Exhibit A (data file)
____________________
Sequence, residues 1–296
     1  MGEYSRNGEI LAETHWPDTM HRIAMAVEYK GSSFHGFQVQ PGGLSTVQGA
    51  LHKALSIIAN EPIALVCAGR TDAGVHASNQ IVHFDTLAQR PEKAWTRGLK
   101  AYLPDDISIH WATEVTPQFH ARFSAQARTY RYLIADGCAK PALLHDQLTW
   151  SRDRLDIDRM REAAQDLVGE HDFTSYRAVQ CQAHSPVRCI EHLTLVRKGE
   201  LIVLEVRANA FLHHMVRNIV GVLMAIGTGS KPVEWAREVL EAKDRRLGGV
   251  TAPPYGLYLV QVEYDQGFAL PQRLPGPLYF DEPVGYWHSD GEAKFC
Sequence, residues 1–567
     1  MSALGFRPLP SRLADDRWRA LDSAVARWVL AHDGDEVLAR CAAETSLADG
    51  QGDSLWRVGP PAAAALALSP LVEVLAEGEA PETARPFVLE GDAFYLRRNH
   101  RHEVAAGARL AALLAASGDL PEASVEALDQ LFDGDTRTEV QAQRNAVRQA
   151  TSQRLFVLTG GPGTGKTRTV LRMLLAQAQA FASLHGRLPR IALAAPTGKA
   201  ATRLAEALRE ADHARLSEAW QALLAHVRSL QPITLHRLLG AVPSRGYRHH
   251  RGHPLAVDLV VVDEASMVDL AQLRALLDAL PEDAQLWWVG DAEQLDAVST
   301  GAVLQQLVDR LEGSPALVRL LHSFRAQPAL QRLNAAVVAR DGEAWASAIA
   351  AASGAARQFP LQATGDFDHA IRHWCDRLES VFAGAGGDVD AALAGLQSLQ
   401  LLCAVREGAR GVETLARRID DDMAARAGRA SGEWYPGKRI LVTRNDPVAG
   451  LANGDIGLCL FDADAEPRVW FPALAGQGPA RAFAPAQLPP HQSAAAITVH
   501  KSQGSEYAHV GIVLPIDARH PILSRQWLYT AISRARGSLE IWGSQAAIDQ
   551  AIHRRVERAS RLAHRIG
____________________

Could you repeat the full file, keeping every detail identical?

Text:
Sequence, residues 1–296
     1  MGEYSRNGEI LAETHWPDTM HRIAMAVEYK GSSFHGFQVQ PGGLSTVQGA
    51  LHKALSIIAN EPIALVCAGR TDAGVHASNQ IVHFDTLAQR PEKAWTRGLK
   101  AYLPDDISIH WATEVTPQFH ARFSAQARTY RYLIADGCAK PALLHDQLTW
   151  SRDRLDIDRM REAAQDLVGE HDFTSYRAVQ CQAHSPVRCI EHLTLVRKGE
   201  LIVLEVRANA FLHHMVRNIV GVLMAIGTGS KPVEWAREVL EAKDRRLGGV
   251  TAPPYGLYLV QVEYDQGFAL PQRLPGPLYF DEPVGYWHSD GEAKFC
Sequence, residues 1–567
     1  MSALGFRPLP SRLADDRWRA LDSAVARWVL AHDGDEVLAR CAAETSLADG
    51  QGDSLWRVGP PAAAALALSP LVEVLAEGEA PETARPFVLE GDAFYLRRNH
   101  RHEVAAGARL AALLAASGDL PEASVEALDQ LFDGDTRTEV QAQRNAVRQA
   151  TSQRLFVLTG GPGTGKTRTV LRMLLAQAQA FASLHGRLPR IALAAPTGKA
   201  ATRLAEALRE ADHARLSEAW QALLAHVRSL QPITLHRLLG AVPSRGYRHH
   251  RGHPLAVDLV VVDEASMVDL AQLRALLDAL PEDAQLWWVG DAEQLDAVST
   301  GAVLQQLVDR LEGSPALVRL LHSFRAQPAL QRLNAAVVAR DGEAWASAIA
   351  AASGAARQFP LQATGDFDHA IRHWCDRLES VFAGAGGDVD AALAGLQSLQ
   401  LLCAVREGAR GVETLARRID DDMAARAGRA SGEWYPGKRI LVTRNDPVAG
   451  LANGDIGLCL FDADAEPRVW FPALAGQGPA RAFAPAQLPP HQSAAAITVH
   501  KSQGSEYAHV GIVLPIDARH PILSRQWLYT AISRARGSLE IWGSQAAIDQ
   551  AIHRRVERAS RLAHRIG